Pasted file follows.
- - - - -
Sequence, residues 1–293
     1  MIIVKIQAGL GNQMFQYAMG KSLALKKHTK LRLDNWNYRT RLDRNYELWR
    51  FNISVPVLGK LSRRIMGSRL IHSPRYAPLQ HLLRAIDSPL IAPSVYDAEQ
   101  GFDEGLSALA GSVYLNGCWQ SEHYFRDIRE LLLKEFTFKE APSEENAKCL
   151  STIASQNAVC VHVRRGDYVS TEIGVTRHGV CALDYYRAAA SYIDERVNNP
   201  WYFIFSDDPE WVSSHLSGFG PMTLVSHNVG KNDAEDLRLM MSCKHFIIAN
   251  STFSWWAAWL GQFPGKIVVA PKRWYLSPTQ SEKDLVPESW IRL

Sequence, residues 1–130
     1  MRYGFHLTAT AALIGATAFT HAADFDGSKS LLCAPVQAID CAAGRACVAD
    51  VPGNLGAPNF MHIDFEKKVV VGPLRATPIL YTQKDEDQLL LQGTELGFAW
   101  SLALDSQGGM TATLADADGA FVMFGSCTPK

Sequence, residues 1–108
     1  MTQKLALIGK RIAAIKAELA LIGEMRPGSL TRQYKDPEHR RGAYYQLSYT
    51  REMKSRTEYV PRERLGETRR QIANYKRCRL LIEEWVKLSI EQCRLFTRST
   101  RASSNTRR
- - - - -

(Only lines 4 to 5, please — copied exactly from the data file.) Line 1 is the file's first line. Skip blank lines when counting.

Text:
   101  GFDEGLSALA GSVYLNGCWQ SEHYFRDIRE LLLKEFTFKE APSEENAKCL
   151  STIASQNAVC VHVRRGDYVS TEIGVTRHGV CALDYYRAAA SYIDERVNNP